of solipsism appear in 38 on-line dictionaries, some devoted to
or religion, others to
or cybernetics. With a pedigree traceable to
Georgias of Leontini (483-375 BC) and a much venerated lineage (Sextus
Empicus, Protagoras of Abdera, René Decartes), this entry would
win ribbons at any word-show and ought to be welcome in anybody's conversational
kennel, including mine. I don't use solipsism -- but only
because there is now a much better word to express what I want to say:
I just coined
along with 150 other
words, by pure serendipity.
We are not talking philosophy
here, and I don't think solipsasm qualifies as a medical
condition either: Whereas spasmodic dysphonia (quaking voice)
may be a symptom of solipsasm in some cases and spasmodic nictating
(winking) in others, I have observed neither. Excuse the oxymoron, but
is an exceptionally common behavior, exhibited in all ages and genders.
It is most reliably discernible by the first person singular at the beginning
of conversational responses to any mentioned topic...
spontaneous, seemingly uncontrollable, response to almost any stimulus,
a verbal behavior characterized by expressions of egoistic self-absorption.
Latin slus, alone; see s(w)e- in Indo-European roots + Latin
self + -asm (whatever that means).
...each being a Non-Sequiturs of the
Second Kind (a statement to which no answer seems appropriate or reasonable).
For confirmation, try conducting surreptitious experiments at parties,
business meetings, family gatherings. You will see that invariably,
after shifting the conversaton to himself or herself, the solipsast
have all but terminated the topic with an assertion of superiority -- as
effectively as by the deliberate and audible release of pent-up flatulence.
| "I haven't had a cold for two years."
construction on I84
| "I never take that freeway."
| "I don't know anybody in jail."
| "I loath peanut buttah."
Fiddler on the Roof
| "I saw it on Broadway with Zero Mostel."
| "I never get bored."
| "I always wind my watch at bedtime."
instance of 'orthogonality'
| "I have no use for that word."
health care reform
| "I have never needed health insurance."
cup-hooks in a cabinet
| "I don't believe in cup-hooks." (see hate)
-- Diary selections dating
back five decades. PN
Finally, there are some who might say that 101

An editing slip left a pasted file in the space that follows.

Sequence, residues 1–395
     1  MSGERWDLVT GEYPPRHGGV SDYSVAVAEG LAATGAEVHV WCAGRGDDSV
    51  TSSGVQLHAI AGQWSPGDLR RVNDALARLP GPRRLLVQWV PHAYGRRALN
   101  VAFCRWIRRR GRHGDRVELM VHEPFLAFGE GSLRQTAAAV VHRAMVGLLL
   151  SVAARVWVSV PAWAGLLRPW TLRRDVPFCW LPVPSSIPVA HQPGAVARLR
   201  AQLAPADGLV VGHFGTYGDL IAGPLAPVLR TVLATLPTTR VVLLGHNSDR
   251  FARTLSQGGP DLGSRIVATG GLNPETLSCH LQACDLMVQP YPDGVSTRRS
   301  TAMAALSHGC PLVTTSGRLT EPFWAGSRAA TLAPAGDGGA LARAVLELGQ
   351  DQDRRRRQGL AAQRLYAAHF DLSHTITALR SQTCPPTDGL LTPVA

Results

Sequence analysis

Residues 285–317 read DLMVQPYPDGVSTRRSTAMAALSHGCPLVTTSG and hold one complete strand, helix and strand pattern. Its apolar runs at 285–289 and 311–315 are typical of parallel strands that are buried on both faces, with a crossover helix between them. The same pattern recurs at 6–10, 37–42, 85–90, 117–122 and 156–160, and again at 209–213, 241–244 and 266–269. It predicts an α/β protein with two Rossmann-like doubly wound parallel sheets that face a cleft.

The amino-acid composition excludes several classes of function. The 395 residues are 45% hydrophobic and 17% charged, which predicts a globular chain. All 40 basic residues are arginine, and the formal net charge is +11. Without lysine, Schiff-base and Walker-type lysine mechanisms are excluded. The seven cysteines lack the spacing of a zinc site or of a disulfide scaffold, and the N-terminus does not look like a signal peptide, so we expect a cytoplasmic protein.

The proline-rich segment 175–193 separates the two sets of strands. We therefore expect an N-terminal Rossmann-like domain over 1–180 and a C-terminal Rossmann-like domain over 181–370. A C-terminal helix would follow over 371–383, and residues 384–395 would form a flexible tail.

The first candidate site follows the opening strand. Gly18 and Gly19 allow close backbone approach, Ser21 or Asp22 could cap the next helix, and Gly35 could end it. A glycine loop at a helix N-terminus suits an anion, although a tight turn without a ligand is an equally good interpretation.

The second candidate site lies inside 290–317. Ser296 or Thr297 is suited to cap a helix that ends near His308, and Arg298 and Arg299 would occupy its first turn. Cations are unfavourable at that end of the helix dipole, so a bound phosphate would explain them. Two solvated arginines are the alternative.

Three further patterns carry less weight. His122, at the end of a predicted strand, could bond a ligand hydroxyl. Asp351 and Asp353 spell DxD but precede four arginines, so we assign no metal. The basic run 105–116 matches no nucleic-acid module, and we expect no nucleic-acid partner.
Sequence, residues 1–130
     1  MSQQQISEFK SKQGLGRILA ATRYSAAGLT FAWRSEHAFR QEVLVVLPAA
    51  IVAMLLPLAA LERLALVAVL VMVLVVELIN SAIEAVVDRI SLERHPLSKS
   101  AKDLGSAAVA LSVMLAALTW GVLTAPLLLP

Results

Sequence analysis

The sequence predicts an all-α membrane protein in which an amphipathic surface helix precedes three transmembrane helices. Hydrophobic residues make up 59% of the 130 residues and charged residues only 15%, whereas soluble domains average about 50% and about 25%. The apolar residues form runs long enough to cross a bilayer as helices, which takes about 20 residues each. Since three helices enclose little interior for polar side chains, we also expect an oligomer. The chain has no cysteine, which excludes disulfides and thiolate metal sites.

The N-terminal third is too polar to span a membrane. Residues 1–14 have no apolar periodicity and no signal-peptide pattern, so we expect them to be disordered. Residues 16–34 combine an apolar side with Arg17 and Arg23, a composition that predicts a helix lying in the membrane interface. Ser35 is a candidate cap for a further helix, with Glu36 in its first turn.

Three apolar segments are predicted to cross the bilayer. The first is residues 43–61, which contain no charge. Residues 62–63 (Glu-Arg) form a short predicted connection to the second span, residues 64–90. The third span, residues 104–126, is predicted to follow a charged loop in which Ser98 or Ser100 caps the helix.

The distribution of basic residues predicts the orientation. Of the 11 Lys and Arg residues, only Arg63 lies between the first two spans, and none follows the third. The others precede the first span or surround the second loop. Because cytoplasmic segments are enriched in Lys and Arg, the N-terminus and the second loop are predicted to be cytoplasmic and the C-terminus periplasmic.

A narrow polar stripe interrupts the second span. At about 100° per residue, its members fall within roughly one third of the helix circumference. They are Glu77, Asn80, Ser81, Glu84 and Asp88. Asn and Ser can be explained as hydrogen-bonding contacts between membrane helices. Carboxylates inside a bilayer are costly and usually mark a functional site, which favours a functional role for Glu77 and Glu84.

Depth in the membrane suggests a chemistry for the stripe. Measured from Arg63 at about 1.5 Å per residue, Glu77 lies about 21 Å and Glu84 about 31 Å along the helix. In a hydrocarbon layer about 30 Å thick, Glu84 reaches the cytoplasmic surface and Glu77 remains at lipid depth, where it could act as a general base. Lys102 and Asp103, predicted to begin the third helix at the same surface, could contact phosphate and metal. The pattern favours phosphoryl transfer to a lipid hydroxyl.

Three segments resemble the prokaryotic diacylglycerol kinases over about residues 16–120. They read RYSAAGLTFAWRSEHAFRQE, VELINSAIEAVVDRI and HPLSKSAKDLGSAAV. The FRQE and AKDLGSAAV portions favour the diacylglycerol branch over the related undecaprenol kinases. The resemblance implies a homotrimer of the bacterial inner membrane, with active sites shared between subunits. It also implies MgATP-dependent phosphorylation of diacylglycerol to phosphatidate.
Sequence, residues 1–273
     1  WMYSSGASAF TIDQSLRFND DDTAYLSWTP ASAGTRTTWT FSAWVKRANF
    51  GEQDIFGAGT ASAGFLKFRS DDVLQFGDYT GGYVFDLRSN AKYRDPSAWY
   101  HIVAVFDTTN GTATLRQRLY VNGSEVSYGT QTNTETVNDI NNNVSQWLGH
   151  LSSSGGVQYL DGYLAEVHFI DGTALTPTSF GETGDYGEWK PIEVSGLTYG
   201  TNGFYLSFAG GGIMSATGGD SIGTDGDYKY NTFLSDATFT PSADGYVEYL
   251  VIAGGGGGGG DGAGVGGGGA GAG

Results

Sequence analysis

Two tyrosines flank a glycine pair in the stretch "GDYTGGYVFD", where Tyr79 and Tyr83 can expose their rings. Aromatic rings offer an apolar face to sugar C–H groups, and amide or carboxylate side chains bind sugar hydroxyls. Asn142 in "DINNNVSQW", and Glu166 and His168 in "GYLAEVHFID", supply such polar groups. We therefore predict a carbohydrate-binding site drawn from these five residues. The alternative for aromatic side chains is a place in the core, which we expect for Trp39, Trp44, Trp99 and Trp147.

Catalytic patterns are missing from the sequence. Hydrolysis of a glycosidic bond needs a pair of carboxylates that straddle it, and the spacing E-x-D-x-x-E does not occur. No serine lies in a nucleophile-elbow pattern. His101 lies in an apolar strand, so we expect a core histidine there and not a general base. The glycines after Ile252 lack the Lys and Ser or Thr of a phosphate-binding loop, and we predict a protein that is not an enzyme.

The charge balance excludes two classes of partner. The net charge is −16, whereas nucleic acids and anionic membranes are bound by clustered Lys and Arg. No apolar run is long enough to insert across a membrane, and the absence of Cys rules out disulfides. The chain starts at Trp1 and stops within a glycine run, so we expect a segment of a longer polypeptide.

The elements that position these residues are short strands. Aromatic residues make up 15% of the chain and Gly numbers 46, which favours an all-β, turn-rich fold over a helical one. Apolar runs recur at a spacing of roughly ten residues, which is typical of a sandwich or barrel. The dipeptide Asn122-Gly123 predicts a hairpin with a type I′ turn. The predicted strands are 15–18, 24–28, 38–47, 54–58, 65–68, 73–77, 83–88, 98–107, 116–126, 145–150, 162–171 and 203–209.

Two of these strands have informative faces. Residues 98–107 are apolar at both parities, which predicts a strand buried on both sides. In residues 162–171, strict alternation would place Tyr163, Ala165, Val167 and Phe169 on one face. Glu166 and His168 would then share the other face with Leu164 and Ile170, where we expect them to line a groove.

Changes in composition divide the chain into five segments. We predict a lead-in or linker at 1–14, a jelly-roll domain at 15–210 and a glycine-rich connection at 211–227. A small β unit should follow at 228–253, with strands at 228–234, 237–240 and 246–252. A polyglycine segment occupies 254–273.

Words I Don't Use is the ultimate in solipsasm. I
sure hope not.
Before starting this entry, I made an originality
check for solipsasm at OneLook
and got no hits. Good news for an inveterate neologer!
I proceeded confidently with the first draft before thinking to search
the World Wide Web for any instances of solipsasm.
Bing, Google, and Yahoo all came up with the same solitary page, a charming
essay by Janet LaPierre entitled "The
Music of What Happens." I continued to hope that she had made
a typographical error. But no. The word solipsasm appears
at the end of a poem, undeniably featured for its rhyming with spasm.
Thus, I am forced to concede the coinage to Janet LaPierre. Bummer.
|solipsism n. Science =Egoism
n. 1. The doctrine of certain extreme adherents or disciples of Descartes
and Johann Gottlieb Fichte, which finds all the elements of knowledge in
the ego and the relations which it implies or provides for. 2. Excessive
love and thought of self; the habit of regarding one's self as the center
of every interest; selfishness; opposed to altruism.
solipsism n. Phlosophical
Terminology Belief that only I myself and my own experiences are real,
while anything else -- a physical object or another person -- is nothing
more than an object of my consciousness. As a philosophical position, solipsism
is usually the unintended consequence of an over-emphasis on the reliability
of internal mental states, which provide no evidence for the existence
of external referents [which presumably would include God -- ed]
The doctrine that I alone exist. The self can know only its feelings and
changes. There is only subjective reality. Solipsism is of importance to
philosophy and psychology. Rene Descartes (1596-1650), the French mathematician,
physicist and "father of modern philosophy", made solipsism a central issue
in philosophy. Since solipsism has to do with how we learn and know, it
concerns cognitive psychology.
The theory that locates reality entirely in the mind of the beholder. It
specifically denies the existence of involuntary experiences with an outside
world be it through direct perception of something or through vicarious
experiences created in the process of communication.
Spastic pseudoparalysis n. Medical
[Searching among -asms finds only extreme syndromes, such as this
one], better known as Creutzfeldt-Jakob disease (CJD). A dementing disease
of the brain. Symptoms of CJD include forgetfulness, nervousness, jerky
trembling hand movements, unsteady gait, muscle spasms, chronic dementia,
balance disorder, and loss of facial expression.